Our website is set to allow the use of cookies. For more information and to change settings click here. If you are happy with cookies please click "Continue" or simply continue browsing. Continue.

Employment Law

Legal guidance - compliance - software

Veale Wasborough Vizards , 29 JUL 2016

Does a pre-existing condition permit a Tribunal to reduce compensation for personal injury in discrimination cases?

Does a pre-existing condition permit a Tribunal to reduce compensation for personal injury in discrimination cases?
Joanne Oliver
Senior Associate,
Veale Wasbrough Vizards

The Employment Appeal Tribunal (EAT) has asked an Employment Tribunal (ET) to reconsider its reasoning for deducting 12.5% from an employee's compensation due to her predisposition to post-traumatic stress disorder (PTSD).

The facts 

In Olayemi v Athena Medical Centre and anor, Dr Olayemi was a GP who was employed at the Athena Medical Centre (Athena) until her dismissal in 2008. Since her dismissal, she suffered PTSD and depression and the GMC found her unfit to practice. She therefore suffered substantial loss of earnings.

Due to the treatment she received from Athena's principal, Dr Okoreaffia, she brought claims of sex discrimination, unfair dismissal and breach of contract.

The ET 

The ET found that she had been subjected to a campaign of harassment designed to intimidate, humiliate and drive her out of Athena. Dr Olayemi was awarded compensation in excess of £513,761 for injury to feelings, personal injury (for her psychiatric condition), past loss, future loss, unfair dismissal and unlawful deduction of wages.

However, a joint expert report from a Consultant Psychiatrist, Dr Gupta, was presented as evidence of Dr Olayemi's previous history of PTSD. His report alleged that her predisposition to PTSD made a 10-15% contribution towards the causation of the present episode. As a consequence, the ET made a 12.5% deduction from Dr Olayemi's awards for personal injury, past loss and future loss, which amounted to £67,430.

Dr Olayemi appealed.

The EAT 

The EAT allowed her appeal, concluding that the evidence before the ET did not justify a blanket reduction in the compensation.

It reiterated the principle that when there are competing causes for an injury, a Court or Tribunal must consider whether the injury is divisible and how it may be divided between the causes. However, the ET had failed to expressly address these questions.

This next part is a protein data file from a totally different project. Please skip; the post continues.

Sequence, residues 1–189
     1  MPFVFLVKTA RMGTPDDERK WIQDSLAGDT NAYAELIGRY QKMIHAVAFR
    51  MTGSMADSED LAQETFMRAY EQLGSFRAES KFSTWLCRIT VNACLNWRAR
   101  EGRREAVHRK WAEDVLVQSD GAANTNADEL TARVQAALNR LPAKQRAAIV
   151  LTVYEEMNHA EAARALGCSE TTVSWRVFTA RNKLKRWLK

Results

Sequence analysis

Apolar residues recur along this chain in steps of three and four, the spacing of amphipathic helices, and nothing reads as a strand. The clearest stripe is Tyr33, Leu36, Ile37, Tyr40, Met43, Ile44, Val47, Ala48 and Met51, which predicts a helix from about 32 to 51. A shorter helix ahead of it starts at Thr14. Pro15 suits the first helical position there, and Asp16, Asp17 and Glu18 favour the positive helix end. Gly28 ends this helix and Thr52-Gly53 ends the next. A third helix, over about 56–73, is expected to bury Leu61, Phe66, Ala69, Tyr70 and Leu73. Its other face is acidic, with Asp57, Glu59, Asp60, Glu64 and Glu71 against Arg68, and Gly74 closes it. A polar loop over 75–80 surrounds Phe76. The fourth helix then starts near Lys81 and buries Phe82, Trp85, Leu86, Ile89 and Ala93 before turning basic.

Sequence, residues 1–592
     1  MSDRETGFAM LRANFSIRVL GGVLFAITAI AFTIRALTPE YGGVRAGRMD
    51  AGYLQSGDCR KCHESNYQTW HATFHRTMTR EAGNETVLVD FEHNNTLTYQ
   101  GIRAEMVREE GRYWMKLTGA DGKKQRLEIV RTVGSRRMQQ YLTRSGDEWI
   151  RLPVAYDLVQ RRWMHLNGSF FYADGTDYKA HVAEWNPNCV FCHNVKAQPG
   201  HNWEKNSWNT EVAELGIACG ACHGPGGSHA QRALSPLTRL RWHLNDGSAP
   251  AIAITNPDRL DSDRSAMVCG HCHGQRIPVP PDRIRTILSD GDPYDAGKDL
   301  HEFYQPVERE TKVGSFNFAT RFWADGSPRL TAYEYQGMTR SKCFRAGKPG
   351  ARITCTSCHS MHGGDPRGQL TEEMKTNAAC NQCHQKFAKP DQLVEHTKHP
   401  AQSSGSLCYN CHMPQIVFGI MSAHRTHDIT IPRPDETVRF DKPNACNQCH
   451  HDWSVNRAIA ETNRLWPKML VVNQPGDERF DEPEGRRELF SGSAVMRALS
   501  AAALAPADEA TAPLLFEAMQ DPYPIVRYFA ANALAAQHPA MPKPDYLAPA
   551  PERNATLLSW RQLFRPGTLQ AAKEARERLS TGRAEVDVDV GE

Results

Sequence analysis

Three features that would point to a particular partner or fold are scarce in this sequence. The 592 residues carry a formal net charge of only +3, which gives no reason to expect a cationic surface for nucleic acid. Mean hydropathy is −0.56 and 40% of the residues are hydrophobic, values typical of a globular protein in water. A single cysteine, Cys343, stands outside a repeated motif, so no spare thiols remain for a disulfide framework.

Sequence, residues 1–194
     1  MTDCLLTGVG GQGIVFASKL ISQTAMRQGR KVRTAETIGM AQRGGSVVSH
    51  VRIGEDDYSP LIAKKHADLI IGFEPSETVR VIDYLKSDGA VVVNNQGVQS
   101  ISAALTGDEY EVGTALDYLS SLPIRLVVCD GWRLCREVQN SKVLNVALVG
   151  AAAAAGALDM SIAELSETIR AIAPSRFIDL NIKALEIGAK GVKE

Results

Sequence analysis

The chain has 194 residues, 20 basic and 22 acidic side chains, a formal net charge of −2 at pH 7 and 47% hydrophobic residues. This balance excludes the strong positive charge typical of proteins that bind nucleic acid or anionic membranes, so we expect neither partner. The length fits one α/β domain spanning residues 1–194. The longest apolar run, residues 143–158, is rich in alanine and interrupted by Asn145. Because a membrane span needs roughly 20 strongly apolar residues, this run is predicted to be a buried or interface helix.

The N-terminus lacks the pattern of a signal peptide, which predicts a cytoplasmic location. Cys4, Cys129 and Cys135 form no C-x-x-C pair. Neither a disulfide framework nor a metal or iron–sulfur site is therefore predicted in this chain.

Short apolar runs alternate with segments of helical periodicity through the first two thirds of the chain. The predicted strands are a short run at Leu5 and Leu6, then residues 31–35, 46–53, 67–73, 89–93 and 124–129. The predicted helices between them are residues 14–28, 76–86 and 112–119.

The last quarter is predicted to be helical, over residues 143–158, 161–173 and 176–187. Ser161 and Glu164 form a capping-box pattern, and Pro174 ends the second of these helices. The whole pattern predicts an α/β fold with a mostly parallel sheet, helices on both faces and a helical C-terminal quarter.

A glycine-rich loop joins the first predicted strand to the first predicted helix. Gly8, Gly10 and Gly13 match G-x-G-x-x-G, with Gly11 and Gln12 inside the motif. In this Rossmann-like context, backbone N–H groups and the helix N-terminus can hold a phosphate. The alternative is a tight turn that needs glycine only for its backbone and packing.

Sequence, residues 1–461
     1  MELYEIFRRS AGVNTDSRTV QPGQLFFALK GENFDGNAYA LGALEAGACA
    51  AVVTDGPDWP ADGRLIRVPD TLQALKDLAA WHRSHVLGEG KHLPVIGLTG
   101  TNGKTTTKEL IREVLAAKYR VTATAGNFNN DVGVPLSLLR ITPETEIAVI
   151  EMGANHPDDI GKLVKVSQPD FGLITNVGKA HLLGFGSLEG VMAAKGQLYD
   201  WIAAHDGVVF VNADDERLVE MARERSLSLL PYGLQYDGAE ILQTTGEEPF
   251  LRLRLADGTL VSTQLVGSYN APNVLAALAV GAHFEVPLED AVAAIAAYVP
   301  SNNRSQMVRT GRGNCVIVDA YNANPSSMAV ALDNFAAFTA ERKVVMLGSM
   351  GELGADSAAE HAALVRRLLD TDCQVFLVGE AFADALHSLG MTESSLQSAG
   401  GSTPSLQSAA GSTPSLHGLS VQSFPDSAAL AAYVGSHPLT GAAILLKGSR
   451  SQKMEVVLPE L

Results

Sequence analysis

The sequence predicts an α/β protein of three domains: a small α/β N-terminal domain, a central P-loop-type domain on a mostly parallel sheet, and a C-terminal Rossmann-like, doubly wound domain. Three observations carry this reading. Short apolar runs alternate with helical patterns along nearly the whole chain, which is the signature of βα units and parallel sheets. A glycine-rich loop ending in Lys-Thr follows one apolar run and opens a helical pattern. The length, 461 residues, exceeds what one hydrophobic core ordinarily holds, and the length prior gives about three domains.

Furthermore, Dr Olayemi relapsed into illness due to the harassment she suffered at the hands of Dr Okoreaffia and no other trigger was suggested at the relevant time. The EAT, therefore, struggled to understand how the ET reached the conclusion that there was another cause for PTSD, particularly considering that Dr Gupta's report indicated that, but for the events at work, it is unlikely Dr Olayemi would have become ill.

The EAT remitted the reduction issue back to the same ET for reconsideration.

Article continues below...

Social Media in the Workplace

A Handbook

This book is intended as a handbook for advisers to employers, providing an overview of the...

More Info from £58.50
Available in Company Law Online
EU & International Employment Law

EU & International Employment Law

"A very welcome addition to the very limited range of material available on domestic employment...

More Info £1,272.00
Available in Employment Law Online

Best practice 

Employers are under a duty of care to safeguard the health, safety and wellbeing of their employees. They must treat them fairly and lawfully and protect them from discrimination. Knowledge of a pre-existing condition that makes an employee more vulnerable will only add to this duty and places a greater obligation on the employer to ensure that the employee is not subjected to any treatment that could foreseeably cause a relapse.

It is no defence for an employer to assert that an employee would not have suffered an injury but for their predisposition to a certain condition, where the sole trigger for their relapse was discrimination at work.

Employers should undertake stress risk assessments and ensure that their equal opportunities and dignity at work policies are up to date. Staff should also be trained on the contents of such policies to ensure that they are aware of how to conduct themselves and how to treat their work colleagues.

Subscribe to our newsletters